McCaffery resigns from Supreme Court amidst scandal

Seamus McCaffery

Seamus McCaffery, of Bustleton, resigned on Monday from the Pennsylvania Supreme Court after being suspended for forwarding sexually explicit emails from a personal account to others, including employees of the state attorney general’s office.

In addition, Justice Michael Eakin charged that McCaffery threatened to leak pornographic and racists emails that were sent to Eakin’s personal account, unless he lobbied Chief Justice Ron Castille to retract negative statements made about McCaffery as it related to the email issue.

The Supreme Court on Oct. 20 voted 4–1 to suspend McCaffery with pay.

Castille, of Rhawnhurst, issued a scathing concurrent statement against his longtime rival.

The state’s Judicial Conduct Board was to determine by Nov. 19 whether there was probable cause to file formal misconduct charges.

Frank Keel, a spokesman for McCaffery, reacted after the suspension was announced, saying Castille was on a “relentless crusade” to destroy McCaffery’s career and reputation.

“We are confident that he will be cleared of any wrongdoing and returned to the bench soon,” Keel said at the time.

Earlier, McCaffery issued a statement recalling that coarse language and crude jokes permeated the ranks of the U.S. Marine Corps and Philadelphia Police Department, in which he served.

“That’s not an excuse, just a fact. Unfortunately, personal, private emails between me and some longtime friends were never meant to be viewed by anyone else, but they were. I sincerely apologize for my lapse in judgment. I erred and if I offended anyone, I am truly sorry. I spent 20 years in the Philadelphia Police Department without incident. I served 10 years as a trial judge and four years on the Superior Court without incident. And I spent 40 years serving our nation, first as a United States Marine and then as a United States Air Force Reservist, retiring as a full colonel — 40 years without a blemish. Yet, since being elected to the Supreme Court in 2007, I have had to cope with one incident after another. Why?”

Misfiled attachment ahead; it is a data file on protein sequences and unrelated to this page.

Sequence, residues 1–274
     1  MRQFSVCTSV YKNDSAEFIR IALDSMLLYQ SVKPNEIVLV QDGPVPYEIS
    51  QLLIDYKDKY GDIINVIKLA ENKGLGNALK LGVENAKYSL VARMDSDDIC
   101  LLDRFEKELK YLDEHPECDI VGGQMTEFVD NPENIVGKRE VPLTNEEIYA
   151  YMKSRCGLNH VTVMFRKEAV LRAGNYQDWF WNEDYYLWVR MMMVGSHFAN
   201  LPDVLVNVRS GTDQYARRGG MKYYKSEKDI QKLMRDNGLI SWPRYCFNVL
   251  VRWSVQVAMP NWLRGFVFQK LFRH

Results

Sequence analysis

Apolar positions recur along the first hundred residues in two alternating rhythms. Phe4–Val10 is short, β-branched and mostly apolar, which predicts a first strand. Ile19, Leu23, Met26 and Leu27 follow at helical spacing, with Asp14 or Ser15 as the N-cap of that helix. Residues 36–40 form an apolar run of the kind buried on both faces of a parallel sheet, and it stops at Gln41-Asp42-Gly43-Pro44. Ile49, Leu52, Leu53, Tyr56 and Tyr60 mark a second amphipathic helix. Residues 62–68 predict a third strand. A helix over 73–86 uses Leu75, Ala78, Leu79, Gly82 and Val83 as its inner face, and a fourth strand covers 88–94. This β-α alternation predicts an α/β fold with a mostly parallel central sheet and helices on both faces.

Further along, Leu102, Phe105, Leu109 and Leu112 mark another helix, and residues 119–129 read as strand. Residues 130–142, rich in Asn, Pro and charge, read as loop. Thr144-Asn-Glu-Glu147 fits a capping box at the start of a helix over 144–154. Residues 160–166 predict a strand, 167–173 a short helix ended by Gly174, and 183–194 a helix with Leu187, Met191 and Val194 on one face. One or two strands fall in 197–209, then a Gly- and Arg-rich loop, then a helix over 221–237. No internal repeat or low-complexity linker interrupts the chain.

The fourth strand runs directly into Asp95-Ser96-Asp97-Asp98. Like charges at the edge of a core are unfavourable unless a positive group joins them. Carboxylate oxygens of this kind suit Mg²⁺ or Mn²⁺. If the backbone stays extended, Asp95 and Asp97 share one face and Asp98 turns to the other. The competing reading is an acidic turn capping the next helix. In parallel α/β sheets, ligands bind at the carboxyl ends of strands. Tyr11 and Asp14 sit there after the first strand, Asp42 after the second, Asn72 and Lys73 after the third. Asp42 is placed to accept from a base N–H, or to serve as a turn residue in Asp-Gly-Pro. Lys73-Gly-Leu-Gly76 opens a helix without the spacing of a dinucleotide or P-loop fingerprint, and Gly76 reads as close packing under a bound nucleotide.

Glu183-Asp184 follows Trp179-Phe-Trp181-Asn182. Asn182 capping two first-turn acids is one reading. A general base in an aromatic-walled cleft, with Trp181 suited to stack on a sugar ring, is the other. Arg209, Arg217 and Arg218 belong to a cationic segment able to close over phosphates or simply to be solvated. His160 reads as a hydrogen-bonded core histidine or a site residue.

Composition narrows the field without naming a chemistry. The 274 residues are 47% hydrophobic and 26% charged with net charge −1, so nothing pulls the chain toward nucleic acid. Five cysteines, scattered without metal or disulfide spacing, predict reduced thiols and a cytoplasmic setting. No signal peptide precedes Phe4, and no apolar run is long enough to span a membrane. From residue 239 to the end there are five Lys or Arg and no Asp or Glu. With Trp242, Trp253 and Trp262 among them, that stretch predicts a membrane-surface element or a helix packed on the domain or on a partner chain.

McCaffery described the saga as a “cooked-up controversy.” He charged that Castille, a former Philadelphia district attorney, was on an “egomaniacal mission” to “get me.”

In Castille’s statement, he explained that some of the emails forwarded by McCaffery were especially vulgar, and that they have caused the Supreme Court to be held up to public ridicule.

“Justice McCaffery’s conduct has brought this Court into enormous disrepute,” Castille said. “Justice McCaffery is correct in one of his allegations against me. I have been attempting to remove Justice McCaffery from this Court. In my two decades of experience on this Court, no other Justice, including Justice Joan Orie Melvin (convicted of using judicial staff for campaign work), has done as much to bring the Supreme Court into disrepute.”

Justice Debra Todd voted against suspending McCaffery.

“Based upon unvetted claims and allegations, a majority of our Court, one of whom is deeply involved in this controversy, has suspended a fellow Justice. No independent investigative body has made any findings regarding merits or credibility, and, unlike the suspension of Justice Joan Orie Melvin, no formal criminal proceedings have been instituted.

“Every day, this Court is charged with according due process to litigants, and we faithfully carry out that constitutional obligation. Even a Justice is entitled to due process,” she wrote in a dissenting statement. ••